My Response: Ok, the 14 amendment. My opponent is looking specifically at the "equal protection clause". This is all well and good, however my opponent misses one key issue. The Federal Government has NO RIGHT to determine what marriage is. That power, is given specifically to the States. By legalizing gay marriage federally, then the federal government is overstepping there power and pushing off the balance between Federal and State. Also, looking a little deeper into the issue. The Equal Protection Clause quotes: "person". "Couples" don't have rights. "Couples" don't actually exist—a couple is just an abstract pairing of two individuals, who each have individual rights. And as we've seen, each individual has the same rights, regardless of how those individuals are arbitrarily grouped into different pairs. Man with women, man with man, etc.
===============================================================================
My Case:

Contention I. Legalizing Gay Marriage on the Federal Level undermines State power.

As I have previously brought up in the rebuttal, legalizing gay marriage undermines state power. No where in the Constitution does the right of marriage belong to the Supreme Court, Congress or the Executive Branch. That power belongs to the state, according to the framers of the Constitution. Furthermore, making a federal law nullifies certain state constitutions, like Virginia, that define marriage between a man and a women. The balance must be kept, the state cannot lose a power its had for centuries. Gay Marriage is fine, if legalized on the state level. However, my opponent by claiming the 14th Amendment, is saying that it must be federal.

*I reserve the right to add my remaining arguments in the next round.*

Thank you ladies and gentlemen.
Debate Round No. 1
Maya9

Pro

Concerning your request for clarification, I am not saying that the federal government should make it explicitly legal for homosexual couples to marry. That is not what governments generally do. They don't say what is legal, just what is illegal. My argument is that not only should the federal government never amend the Constitution to bar homosexual couples from marrying, but that it is furthermore unconstitutional, unjust, and illogical for states to make gay marriage illegal or otherwise "define" marriage as between individuals of the opposite sex.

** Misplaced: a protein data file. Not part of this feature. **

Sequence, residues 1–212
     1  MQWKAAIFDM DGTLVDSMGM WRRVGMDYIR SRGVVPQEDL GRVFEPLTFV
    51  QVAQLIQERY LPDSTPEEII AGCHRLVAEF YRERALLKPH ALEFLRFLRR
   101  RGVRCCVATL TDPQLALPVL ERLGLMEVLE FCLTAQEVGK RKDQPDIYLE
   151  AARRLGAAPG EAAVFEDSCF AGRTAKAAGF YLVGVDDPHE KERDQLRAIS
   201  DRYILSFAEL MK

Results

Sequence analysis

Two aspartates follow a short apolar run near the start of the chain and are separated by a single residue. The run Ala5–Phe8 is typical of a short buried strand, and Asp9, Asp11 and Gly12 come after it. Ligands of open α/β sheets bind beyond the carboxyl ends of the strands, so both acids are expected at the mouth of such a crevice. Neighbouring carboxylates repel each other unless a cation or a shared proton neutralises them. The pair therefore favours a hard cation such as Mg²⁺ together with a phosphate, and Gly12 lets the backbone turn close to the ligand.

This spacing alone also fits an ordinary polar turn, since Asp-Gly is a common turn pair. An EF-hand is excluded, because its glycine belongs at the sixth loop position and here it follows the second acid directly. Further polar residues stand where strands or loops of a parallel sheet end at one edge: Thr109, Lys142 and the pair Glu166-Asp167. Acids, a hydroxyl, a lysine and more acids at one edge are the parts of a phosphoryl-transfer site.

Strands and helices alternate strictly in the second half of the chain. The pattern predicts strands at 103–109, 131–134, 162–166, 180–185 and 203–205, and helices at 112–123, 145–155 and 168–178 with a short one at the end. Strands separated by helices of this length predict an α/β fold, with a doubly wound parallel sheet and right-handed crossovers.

I find it hard to understand how you could not see the connection in my syllogism. It is very simple. Men have the right to marry women, and women have the right to marry men. If you agree that men and women should have equal rights, it logically follows that men should have the right to marry men and women to marry women. This simply gives men and women the same rights. You try to say that the right is given to both men and women to marry individuals of the opposite sex. It seems to me that that interpretation is quite full of problems. What about transgender individuals, both pre-op and post-op? How exactly does the government define sex? Is it defined by sex chromosomes, reproductive organs, or what the individual feels his/her sex is?

I realize that the 10th amendment states clearly that powers not specified by the Constitution as reserved for the federal government are for the states. I am not disputing this. States can make laws independently of the federal government. However, they can't make laws that are in violation of the United States Constitution. But by baning gay marriage outright, states have done just that. They are abridging specfic privileges of specific individuals (not couples), based solely on sexual orientation.

Your first contention doesn't actually address my argument. As I said, I am not looking for the federal government to make a law saying that gay marriage is legal. I think that the federal government should just enforce the Constitution and keep states from making it illegal.

I was actually looking for my opponent to make arguments as to why gay marriage to be specifically ILLEGAL.
CiRrO

Con

I'll attack my opponents case then move to crystallize my own.

"Concerning your request for clarification, I am not saying that the federal government should make it explicitly legal for homosexual couples to marry. That is not what governments generally do. They don't say what is legal, just what is illegal."

My Response: This is totally off base. My opponent says that the government only says what is illegal, not legal. It works both ways, if something is illegal, most the time the opposite of illegality is legality. And vice versa.

"My argument is that not only should the federal government never amend the Constitution to bar homosexual couples from marrying, but that it is furthermore unconstitutional, unjust, and illogical for states to make gay marriage illegal or otherwise "define" marriage as between individuals of the opposite sex."